Browse, click and buy - then give cash to a man in a van

By Time of article published Nov 25, 2013

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Lagos - When Gbemiga Omotoso bought a Samsung tablet computer last year, he handed over his cash to a man in a van.

There was nothing shady, though, about the transaction. It was part of attempts by online retailer Jumia to adapt to the unique challenges of selling in Nigeria.

With many of the country’s 160 million residents suspicious of paying online – yes, they get those dodgy e-mails, too – the Lagos-based retailer wins over sceptical shoppers by accepting payment on delivery and offering free returns.

“It’s very important that people know it’s not a scam,” said co-founder Tunde Kehinde, 29. “Even though they want to buy, trust is still a very, very big issue.”

Jumia and local rival have taken a page from the playbook of delivering electronics, clothes, and even refrigerators to the front doors of Nigerians.

Shopping locally has usually meant higher prices, less selection, and often sitting in traffic for hours to get to shops, which rely on generators to cope with power outages almost daily.

“There’s a lot of appetite for consumption, but supply is terrible,” said Jeremy Hodara, the founder and managing director of Africa Internet Holding, an investor in online businesses across the continent and a shareholder in Jumia. “It’s expensive and cumbersome to buy abroad, but if there’s no choice, that is what people do.”

In the lead-up to Christmas, Jumia aims to boost revenue by 40 percent each month through December. Items featured in the site’s holiday section range from berry wreaths to MAC lipstick to kids’ bikes for 11 995 naira (R752).

At Jumia’s warehouse, a stadium-sized building on a potholed road in a Lagos commercial district, staff pull items from the shelves, then stuff them into delivery vans or pile them onto motorbikes.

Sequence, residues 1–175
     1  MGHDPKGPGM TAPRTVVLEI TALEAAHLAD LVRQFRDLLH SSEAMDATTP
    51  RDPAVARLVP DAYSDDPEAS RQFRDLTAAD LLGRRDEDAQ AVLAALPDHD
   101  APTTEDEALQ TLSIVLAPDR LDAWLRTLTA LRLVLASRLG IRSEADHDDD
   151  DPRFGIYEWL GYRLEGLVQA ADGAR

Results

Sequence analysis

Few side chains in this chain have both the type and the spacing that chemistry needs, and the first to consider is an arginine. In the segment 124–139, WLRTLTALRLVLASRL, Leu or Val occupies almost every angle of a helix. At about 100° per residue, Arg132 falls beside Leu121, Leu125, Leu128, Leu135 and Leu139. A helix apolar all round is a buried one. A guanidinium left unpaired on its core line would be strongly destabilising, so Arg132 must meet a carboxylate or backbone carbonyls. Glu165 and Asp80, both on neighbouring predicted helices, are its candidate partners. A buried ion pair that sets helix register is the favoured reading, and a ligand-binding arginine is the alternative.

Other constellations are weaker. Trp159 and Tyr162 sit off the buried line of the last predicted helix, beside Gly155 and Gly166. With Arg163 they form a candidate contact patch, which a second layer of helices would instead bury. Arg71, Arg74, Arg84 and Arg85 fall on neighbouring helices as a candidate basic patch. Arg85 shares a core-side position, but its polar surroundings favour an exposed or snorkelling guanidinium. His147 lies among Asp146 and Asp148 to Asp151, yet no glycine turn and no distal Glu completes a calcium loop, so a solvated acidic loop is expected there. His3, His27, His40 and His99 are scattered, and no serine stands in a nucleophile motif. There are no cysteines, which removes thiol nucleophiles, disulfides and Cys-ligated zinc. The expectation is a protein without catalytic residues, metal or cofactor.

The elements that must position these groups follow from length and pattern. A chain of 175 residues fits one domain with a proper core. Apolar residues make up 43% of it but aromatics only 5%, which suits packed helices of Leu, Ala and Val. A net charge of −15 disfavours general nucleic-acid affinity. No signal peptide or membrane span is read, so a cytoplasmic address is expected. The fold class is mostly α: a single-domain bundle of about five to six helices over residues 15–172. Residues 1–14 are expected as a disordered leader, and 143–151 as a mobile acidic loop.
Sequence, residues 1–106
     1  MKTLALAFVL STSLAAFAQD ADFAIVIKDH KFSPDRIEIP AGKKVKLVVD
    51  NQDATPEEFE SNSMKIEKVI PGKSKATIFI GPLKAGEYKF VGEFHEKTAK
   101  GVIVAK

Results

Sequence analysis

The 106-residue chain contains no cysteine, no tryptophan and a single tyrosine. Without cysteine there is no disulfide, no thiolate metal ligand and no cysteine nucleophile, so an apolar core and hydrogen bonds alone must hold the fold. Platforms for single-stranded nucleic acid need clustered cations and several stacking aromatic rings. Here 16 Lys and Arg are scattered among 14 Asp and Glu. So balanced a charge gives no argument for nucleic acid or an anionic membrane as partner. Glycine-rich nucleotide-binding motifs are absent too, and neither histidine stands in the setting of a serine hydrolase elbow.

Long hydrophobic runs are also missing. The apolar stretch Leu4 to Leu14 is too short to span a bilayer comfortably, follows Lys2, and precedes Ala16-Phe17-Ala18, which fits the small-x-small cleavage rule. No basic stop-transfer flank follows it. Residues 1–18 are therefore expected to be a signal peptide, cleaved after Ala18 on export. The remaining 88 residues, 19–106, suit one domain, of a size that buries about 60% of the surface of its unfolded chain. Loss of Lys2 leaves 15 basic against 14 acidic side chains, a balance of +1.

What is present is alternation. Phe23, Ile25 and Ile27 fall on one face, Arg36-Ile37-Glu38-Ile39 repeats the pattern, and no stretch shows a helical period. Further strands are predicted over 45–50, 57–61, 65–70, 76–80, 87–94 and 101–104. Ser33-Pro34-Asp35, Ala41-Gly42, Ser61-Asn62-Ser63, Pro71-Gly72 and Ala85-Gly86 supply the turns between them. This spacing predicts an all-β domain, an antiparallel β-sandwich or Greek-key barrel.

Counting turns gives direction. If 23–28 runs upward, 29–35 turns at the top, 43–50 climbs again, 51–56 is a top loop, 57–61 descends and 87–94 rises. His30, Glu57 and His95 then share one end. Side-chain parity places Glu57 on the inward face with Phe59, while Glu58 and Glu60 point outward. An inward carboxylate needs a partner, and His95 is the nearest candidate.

Jumia has received $75 million (R755m) in funding since its inception, including seed capital from Berlin-based Rocket Internet. The company has 600 employees and also sells in Kenya, Morocco, Ivory Coast, Egypt, and South Africa.

Although not yet profitable, Jumia is bringing in “a couple of million” dollars a month in revenue and expanding at almost 20 percent monthly, according to Kehinde and Ghanaian co-founder Raphael Afaedor, both Harvard Business School graduates.

To combat fears of online fraud and to educate Nigerians about shopping online securely, the company has a direct sales team of about 200 in cities such as Lagos and Port Harcourt.

They wear outfits bearing Jumia’s logo and hold impromptu shopping sessions in businesses, churches and homes, answering questions and using tablet computers to demonstrate how to order.

“There are people who are open to online shopping – people who have travelled or have lived abroad,” Afaedor said. With others who were sceptical, “it takes a bit more effort to get people to change their behaviour”.

One person to whom it will be delivering again is Omotoso. The 31-year-old technician in Lagos was won over by the service after buying the tablet and plans to use it next for Christmas shopping – and now he’ll pay by card.

“They are making life very easy for us Nigerians,” he said, adding that he did not have time to tackle daily gridlocked traffic to shop for Christmas. “They also have quality; they don’t just sell anything.”

Eager to win more sales from Nigeria’s oil-fuelled economy, which is expected to grow more than 6 percent this year and 7 percent next year, according to a Bloomberg survey of economists, Jumia has a fleet of about 200 vehicles. Almost two-thirds are motorbikes, which are easier to guide through traffic jams. To thwart night-time robberies, the last deliveries are at 7pm.

At some point, cash-on­delivery – especially for big-ticket items like fridges – may not be needed.

The number of payments in the country made by cellphone more than doubled to 2.4 million in the first half of last year from the same period a year earlier, while internet payments rose 9.3 percent, according to the central bank of Nigeria. For now, it’s another quirk of doing business in an emerging market.

“Here you are collecting cash and reconciling payments almost like a bank desk; here you are building a logistics company,” said Afaedor. And Kehinde is quick to ask: “How many times can you say in your life you get to build an Amazon?” - Bloomberg

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